Libel judge issues “wasteful” bundles warning – Litigation Futures

Posted June 1st, 2020 in case management, defamation, documents, media, news, proportionality by sally

‘It should not be necessary for the court to make express directions as to what should be included in a hearing bundle but failures to collate them properly may force them to, a High Court judge has warned.’

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Litigation Futures, 1st June 2020

Source: www.litigationfutures.com

Woman who makes involuntary sounds fails in judicial review challenge over noise abatement notice – Local Government Lawyer

‘A 67-year-old retired primary school teacher who has a neurological disorder that causes her to make involuntary sounds and noises has failed in a judicial review challenge over a noise abatement notice.’

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Local Government Lawyer, 26th May 2020

Source: www.localgovernmentlawyer.co.uk

Leviathan Challenged — the lockdown is compliant with human rights law (Part Two) – UK Human Rights Blog

‘In this article, Dominic Ruck Keene and Henry Tufnell argue that the challengers to the legislation have not shown that the measures adopted by the Government are disproportionate in the circumstances of the pandemic.’

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UK Human Rights Blog, 11th May 2020

Source: ukhumanrightsblog.com

Police urged to justify use of stun guns against black men – The Guardian

‘The Metropolitan police and the Greater Manchester force have been urged to make clear whether or not the use of stun guns against black men by officers this week was proportionate and reasonable.’

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The Guardian, 10th May 2020

Source: www.theguardian.com

Prisoner wins first round in challenge to terrorism law – The Guardian

‘A prisoner convicted of stirring up religious hatred has won the first round in his legal challenge to emergency legislation preventing early automatic release of terrorism offenders.’

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The Guardian, 5th May 2020

Source: www.theguardian.com

UK government faces legal challenge to lockdown from businessman – The Guardian

‘The government is facing a challenge to the legality of the coronavirus lockdown by a wealthy businessman who fears it will kill more people than it saves.’

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The Guardian, 1st May 2020

Source: www.theguardian.com

Frederick Cowell: Lifting the Lockdown: The Human Rights Issues – UK Constitutional Law Association

‘The Coronavirus Act 2020, which was passed in less than three days by Parliament, does not contain the restrictions governing the lockdown in England. These are contained in the Health Protection (Coronavirus, Restrictions) (the Regulations) passed under the Public Health (Control of Diseases) Act 1984. Devolved governments have pursued similar strategies in this respect. As Professor Jeff King has argued on this blog, s.45 of the 1984 Act can be ‘construed literally to confer powers to impose the lockdown’ because it allows for restrictions on ‘persons, things or premises in the event’ of a threat to public health. Like all secondary legislation, following s.3 of the Human Rights Act 1998 this needs to be compatible with the European Convention on Human Rights (ECHR). Yet, as this post sets out, some difficult rights trade-offs and restrictions may come from lifting lockdown restrictions requiring us to revaluate what we consider as normal in terms of balancing rights and liberties.’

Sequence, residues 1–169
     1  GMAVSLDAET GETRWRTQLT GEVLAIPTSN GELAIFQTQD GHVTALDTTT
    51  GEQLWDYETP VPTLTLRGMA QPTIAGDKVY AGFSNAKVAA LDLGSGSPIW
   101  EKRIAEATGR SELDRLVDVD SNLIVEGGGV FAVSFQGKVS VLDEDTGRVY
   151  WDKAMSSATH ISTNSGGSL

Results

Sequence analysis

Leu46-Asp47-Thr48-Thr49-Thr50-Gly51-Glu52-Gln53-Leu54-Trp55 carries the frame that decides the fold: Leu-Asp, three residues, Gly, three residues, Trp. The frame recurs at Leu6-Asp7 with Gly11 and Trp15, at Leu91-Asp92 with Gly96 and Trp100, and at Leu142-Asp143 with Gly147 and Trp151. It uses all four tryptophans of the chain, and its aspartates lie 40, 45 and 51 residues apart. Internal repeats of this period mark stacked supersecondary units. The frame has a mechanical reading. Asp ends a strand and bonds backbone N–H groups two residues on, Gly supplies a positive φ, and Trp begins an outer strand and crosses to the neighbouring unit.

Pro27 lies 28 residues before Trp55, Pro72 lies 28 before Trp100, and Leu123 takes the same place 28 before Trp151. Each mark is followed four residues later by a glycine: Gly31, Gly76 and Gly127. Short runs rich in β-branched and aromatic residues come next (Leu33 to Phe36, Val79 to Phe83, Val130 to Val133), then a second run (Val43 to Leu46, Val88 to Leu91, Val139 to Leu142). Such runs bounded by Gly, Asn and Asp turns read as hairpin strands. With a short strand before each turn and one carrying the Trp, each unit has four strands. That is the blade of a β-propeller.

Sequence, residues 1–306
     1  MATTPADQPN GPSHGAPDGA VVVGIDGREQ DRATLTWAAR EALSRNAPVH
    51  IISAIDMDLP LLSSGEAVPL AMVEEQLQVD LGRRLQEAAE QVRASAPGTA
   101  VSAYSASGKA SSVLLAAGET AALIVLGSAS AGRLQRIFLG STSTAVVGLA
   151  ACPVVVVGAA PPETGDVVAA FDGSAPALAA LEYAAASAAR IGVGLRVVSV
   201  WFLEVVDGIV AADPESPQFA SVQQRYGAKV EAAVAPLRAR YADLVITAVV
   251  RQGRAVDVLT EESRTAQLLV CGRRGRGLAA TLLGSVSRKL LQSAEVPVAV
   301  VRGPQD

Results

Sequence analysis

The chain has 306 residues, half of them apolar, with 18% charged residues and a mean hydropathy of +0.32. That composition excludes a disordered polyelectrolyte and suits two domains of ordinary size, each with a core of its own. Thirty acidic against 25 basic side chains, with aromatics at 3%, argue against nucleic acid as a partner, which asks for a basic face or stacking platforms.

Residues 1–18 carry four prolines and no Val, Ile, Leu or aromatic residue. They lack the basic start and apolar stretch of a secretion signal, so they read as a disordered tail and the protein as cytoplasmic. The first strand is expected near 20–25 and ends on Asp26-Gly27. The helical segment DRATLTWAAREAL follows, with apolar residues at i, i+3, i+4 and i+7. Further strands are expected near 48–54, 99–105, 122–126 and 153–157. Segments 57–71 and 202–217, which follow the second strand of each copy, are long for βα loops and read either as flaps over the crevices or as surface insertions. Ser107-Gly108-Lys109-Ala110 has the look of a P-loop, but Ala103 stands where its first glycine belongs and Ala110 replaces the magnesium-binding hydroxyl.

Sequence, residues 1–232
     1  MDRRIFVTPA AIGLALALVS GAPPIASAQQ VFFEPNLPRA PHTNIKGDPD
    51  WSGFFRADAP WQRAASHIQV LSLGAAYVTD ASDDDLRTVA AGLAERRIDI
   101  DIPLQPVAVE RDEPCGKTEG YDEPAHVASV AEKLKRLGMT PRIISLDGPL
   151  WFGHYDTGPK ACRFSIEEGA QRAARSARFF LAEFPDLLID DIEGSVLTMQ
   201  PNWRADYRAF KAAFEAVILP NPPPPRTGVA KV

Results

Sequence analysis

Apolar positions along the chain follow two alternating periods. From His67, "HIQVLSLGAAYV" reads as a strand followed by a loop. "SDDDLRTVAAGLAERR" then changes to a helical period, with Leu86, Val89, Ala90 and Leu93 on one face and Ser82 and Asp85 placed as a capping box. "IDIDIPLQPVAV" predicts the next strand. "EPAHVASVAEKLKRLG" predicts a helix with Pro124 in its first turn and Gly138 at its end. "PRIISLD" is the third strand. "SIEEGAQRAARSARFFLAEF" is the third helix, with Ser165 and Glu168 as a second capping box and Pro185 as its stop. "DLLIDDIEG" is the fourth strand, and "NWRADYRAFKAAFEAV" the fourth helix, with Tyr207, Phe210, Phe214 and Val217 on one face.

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UK Constitutional Law Association, 1st May 2020

Source: ukconstitutionallaw.org

Do business tenants prevented from trading have a remedy under the Human Rights Act 1998? – Falcon Chambers

‘On 20 April 2020, the Hospitality Union wrote a letter to the Chancellor of the Exchequer asking for a “National Time Out” under which there would be a nine-month national payment pause granted to business tenants. This would be “a crucial period of payment postponement when commercial rents, and the debt and interest payments secured on those premises, are pushed to the back end of leases and term loans.”’

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Falcon Chambers, 23rd April 2020

Source: www.falcon-chambers.com

Recovering Inquest Costs in Subsequent Civil Proceedings – Ropewalk Chambers

Posted April 24th, 2020 in chambers articles, civil justice, costs, inquests, negligence, news, proportionality by sally

‘The basic position is well-known: in principle, the costs of an inquest are recoverable in a subsequent clinical negligence claim. The leading case in this regard, also well-known, is Roach -v- Home Office [2010] QB 256.’

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Ropewalk Chambers, April 2020

Source: www.ropewalk.co.uk

A disproportionate interference: the Coronavirus Regulations and the ECHR — Francis Hoar – UK Human Rights Blog

‘The ‘lockdown’ imposed by the government to contain the coronavirus and Covid 19, the disease it causes has been enforced mainly through the Health Protection (Coronavirus, Restrictions) (England) Regulations 2020 (‘the Regulations’), imposed under powers delegated by the Public Health (Control of Disease) Act 1984 (‘the 1984 Act’).’

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UK Human Rights Blog, 21st April 2020

Source: ukhumanrightsblog.com

The impact of Coronavirus, part 5: the Coronavirus Act 2020 – 6KBW College Hill

‘As Hippocrates remarked at the height of the Plague of Athens in 430BC, desperate times call for desperate measures. The deadly coronavirus has brought forth desperate measures almost everywhere, and the keystone of this country’s response to the crisis is the Coronavirus Act 2020. This post focusses on some key aspects of it, asking how the new offences relating to “potentially infectious” persons are defined and whether the Act as a whole is necessary.’